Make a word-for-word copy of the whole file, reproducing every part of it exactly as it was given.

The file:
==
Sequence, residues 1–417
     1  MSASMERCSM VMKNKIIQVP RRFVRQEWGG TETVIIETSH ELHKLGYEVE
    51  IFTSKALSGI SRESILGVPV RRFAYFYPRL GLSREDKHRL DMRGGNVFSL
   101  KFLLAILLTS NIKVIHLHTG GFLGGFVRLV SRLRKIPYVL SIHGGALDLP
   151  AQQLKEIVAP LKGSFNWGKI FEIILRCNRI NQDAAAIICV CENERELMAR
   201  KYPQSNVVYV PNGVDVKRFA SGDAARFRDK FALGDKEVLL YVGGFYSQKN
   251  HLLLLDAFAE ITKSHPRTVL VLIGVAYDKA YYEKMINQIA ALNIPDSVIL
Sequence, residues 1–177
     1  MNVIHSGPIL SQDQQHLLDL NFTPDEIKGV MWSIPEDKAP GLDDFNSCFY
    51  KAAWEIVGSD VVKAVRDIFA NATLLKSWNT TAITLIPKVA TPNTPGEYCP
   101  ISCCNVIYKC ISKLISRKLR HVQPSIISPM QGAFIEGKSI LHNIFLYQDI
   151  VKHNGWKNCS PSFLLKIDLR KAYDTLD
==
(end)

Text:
Sequence, residues 1–417
     1  MSASMERCSM VMKNKIIQVP RRFVRQEWGG TETVIIETSH ELHKLGYEVE
    51  IFTSKALSGI SRESILGVPV RRFAYFYPRL GLSREDKHRL DMRGGNVFSL
   101  KFLLAILLTS NIKVIHLHTG GFLGGFVRLV SRLRKIPYVL SIHGGALDLP
   151  AQQLKEIVAP LKGSFNWGKI FEIILRCNRI NQDAAAIICV CENERELMAR
   201  KYPQSNVVYV PNGVDVKRFA SGDAARFRDK FALGDKEVLL YVGGFYSQKN
   251  HLLLLDAFAE ITKSHPRTVL VLIGVAYDKA YYEKMINQIA ALNIPDSVIL
Sequence, residues 1–177
     1  MNVIHSGPIL SQDQQHLLDL NFTPDEIKGV MWSIPEDKAP GLDDFNSCFY
    51  KAAWEIVGSD VVKAVRDIFA NATLLKSWNT TAITLIPKVA TPNTPGEYCP
   101  ISCCNVIYKC ISKLISRKLR HVQPSIISPM QGAFIEGKSI LHNIFLYQDI
   151  VKHNGWKNCS PSFLLKIDLR KAYDTLD